$12 billion to go to community colleges

Last week, President Obama announced the creation of the American Graduation Initiative, which is expected to funnel $12 billion to community colleges to educate underemployed or unemployed workers in preparation for the day when the economy swings upwards again.

"..[T]he hard truth is that some of the jobs that have been lost in the
auto industry and elsewhere won’t be coming back," said Obama. "They are casualties
of a changing economy. And that only underscores the importance of
generating new businesses and industries to replace the ones we’ve
lost, and of preparing our workers to fill the jobs they create." 

The plan calls for an additional 5 million
community college graduates by 2020–about 6 million are currently attending–and provides those students with a pathway
completing a four-year degree, if they so choose. About $9 billion will go towards two grant
programs intended to better track promising strategies for teaching and learning and increase completion rates. Some money will also go towards renovating facilities,
providing more guidance to students exiting high school, and expanding online educational opportunities.

So, is this good news for green jobs education and training, which we've talked about here, here, and here? Maybe.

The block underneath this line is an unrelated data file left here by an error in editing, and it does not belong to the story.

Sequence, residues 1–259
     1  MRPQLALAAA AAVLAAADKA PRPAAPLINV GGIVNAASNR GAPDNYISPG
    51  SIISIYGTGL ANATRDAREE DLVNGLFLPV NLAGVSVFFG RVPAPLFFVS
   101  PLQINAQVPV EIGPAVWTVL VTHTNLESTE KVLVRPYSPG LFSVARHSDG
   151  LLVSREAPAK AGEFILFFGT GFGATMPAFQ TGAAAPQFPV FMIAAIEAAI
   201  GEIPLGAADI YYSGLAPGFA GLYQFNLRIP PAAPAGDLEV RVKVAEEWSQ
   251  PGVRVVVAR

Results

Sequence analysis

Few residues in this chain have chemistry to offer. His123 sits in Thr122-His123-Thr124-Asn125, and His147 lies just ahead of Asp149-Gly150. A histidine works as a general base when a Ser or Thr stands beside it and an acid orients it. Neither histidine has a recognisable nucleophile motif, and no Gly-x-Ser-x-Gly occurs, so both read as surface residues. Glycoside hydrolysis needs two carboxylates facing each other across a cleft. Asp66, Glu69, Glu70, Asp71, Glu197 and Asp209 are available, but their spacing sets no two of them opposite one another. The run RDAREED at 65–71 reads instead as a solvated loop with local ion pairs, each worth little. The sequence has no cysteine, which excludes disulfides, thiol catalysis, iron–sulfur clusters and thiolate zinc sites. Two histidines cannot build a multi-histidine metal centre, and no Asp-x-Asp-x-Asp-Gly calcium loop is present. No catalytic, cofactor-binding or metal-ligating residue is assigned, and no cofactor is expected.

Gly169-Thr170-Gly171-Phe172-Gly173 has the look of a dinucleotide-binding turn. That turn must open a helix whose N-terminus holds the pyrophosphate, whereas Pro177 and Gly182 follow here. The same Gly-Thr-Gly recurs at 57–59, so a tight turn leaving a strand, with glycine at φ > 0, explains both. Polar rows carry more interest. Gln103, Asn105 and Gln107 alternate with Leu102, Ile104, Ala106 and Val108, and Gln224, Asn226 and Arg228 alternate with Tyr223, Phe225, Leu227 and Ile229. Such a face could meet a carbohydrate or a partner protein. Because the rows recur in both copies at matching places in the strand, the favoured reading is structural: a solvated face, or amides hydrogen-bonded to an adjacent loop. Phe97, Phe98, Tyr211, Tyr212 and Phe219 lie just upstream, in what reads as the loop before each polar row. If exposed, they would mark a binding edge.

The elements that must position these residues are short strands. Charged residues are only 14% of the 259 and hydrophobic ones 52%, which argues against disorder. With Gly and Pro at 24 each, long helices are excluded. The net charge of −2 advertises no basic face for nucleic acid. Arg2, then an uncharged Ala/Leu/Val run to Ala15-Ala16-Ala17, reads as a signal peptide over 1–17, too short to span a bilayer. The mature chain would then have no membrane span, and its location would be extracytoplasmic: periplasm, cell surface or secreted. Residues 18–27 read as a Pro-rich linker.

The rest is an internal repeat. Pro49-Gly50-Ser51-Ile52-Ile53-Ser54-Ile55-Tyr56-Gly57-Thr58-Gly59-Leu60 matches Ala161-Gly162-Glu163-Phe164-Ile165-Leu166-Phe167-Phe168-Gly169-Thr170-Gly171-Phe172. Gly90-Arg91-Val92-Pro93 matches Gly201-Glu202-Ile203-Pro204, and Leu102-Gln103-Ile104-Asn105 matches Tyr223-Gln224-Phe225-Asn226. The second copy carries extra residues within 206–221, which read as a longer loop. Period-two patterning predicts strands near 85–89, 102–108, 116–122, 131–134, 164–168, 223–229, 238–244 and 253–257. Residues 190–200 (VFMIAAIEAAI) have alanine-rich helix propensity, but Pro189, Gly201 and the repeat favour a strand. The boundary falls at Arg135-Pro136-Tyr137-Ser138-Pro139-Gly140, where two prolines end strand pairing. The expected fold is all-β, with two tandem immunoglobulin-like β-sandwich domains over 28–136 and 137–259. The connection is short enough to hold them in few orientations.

While clean energy is a platform of
the Obama administration, the $12 billion, which would be disbursed
over the next ten years, hasn't been specifically dedicated to green
jobs training. Until the budget committee makes its allocations, the focus on renewable energy training won't be clear, but so far it looks as if the program is making immediate employment, not clean energy, its primary concern.

However, the shift towards training workers for careers in sustainability may not need federal support, simply because it's already inevitable. A recent UN report predicted the creation of more than 20 million jobs worldwide in clean energy and other green fields by 2030, and many of those jobs are what's termed "middle-skilled," requiring a level of education that is greater than high school but less than a Bachelor's degree. (Job opportunities in health care are also expected to rise.)

Community colleges are expected to take on the bulk of this training because they are typically more agile and diverse than liberal arts schools, and have access to different populations of students. These schools also tend to be very connected to local employers, and have good data on the jobs available to their graduates, which means that in many regions, they are expanding their clean energy programs in response to demand. So, the AGI funds that go to those schools may help to support green jobs by default, though it's not yet the explicit support that advocates, including National Wildlife Federation, hope for.

We'll watch as the allocations are made in the next few months, and see where this goes.